Almost everything we do involves some form of communication. But when it comes to business, our communication are vital. So where to start?
- Know your strengths and weaknesses. Ask the opinion of someone who can be completely honest with you about your strengths and where you really stink. If you need help, go to communications skills quiz. Even if you don’t submit it, the questions make you think. Then review the last couple years regarding what people have said about your communications. What types of questions come up consistently? Have they commented on your communication style? Address those concerns.
- Include graphics or pictures. People learn in different ways, but studies show about 80% of men process best visually and about 50% of women process emotionally. Our reading comprehension increases when we read, hear, and see what is conveyed. So using visuals with your communications improves how your message is received.
- Know your audience. Presenting to a financial institution’s Board of Directors is very different from pitching to angels for contributions to a non-profit. In one case, it’s “the facts ma’am, nothing but the facts.” In the other, it’s sharing a vision and passion for making a difference. If both skills are available within your organization, use them where they will do the most good.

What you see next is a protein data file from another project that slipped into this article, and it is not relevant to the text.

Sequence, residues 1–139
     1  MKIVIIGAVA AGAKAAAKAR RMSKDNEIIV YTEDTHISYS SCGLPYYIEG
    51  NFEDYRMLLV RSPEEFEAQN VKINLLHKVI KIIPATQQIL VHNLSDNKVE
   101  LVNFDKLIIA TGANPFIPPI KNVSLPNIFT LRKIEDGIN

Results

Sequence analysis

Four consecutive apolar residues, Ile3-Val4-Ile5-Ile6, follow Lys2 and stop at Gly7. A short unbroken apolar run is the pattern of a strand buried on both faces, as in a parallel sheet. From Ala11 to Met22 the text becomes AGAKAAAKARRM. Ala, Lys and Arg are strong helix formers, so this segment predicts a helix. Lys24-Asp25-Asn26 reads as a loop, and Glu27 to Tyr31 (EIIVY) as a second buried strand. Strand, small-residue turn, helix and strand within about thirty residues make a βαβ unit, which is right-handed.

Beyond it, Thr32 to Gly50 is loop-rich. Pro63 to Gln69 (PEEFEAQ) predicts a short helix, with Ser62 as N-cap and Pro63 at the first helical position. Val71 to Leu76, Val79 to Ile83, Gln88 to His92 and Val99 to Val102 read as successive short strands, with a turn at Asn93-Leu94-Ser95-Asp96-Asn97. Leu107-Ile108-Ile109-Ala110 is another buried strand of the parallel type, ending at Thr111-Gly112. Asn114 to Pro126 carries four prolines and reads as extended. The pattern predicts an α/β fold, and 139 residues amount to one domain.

- Be clear. When people are uncomfortable about a topic, they start talking all around it. That confuses the issue. Before you start the communication, know what you want to accomplish, know the most concise way to say it and then do so. If what you have to say is less than pleasant for the person to hear, there’s a great trick taught in psychology – sandwich the difficult bit between two good bits. So, if you are telling investors your quarter was less profitable than hoped, first share a good news item, something like a long-range goal has just come to pass. If a reason profits are down is a big capital expenditure, talk about the benefits that item brings. Then tell them the “bad” news. And follow that up with another good news item.
- Make it as personal as possible. Even if you send out a mass mailing about a new stage in the company’s development or the annual report, create a personal tone to the cover letter or memo. Do something that gives people receiving your communication a reason to enjoy it. Got a new product you’ve just released – send one free to your investors to try, or if it is a big ticket item, have a micro replica made for a keychain or paperweight. If every time you send the annual report you think of a new way to amp the personal without spending much, people could invest just to get what you send
These are some of the ways we suggest you can improve communications with your people.
Roman Temkin is a real estate developer from NYC.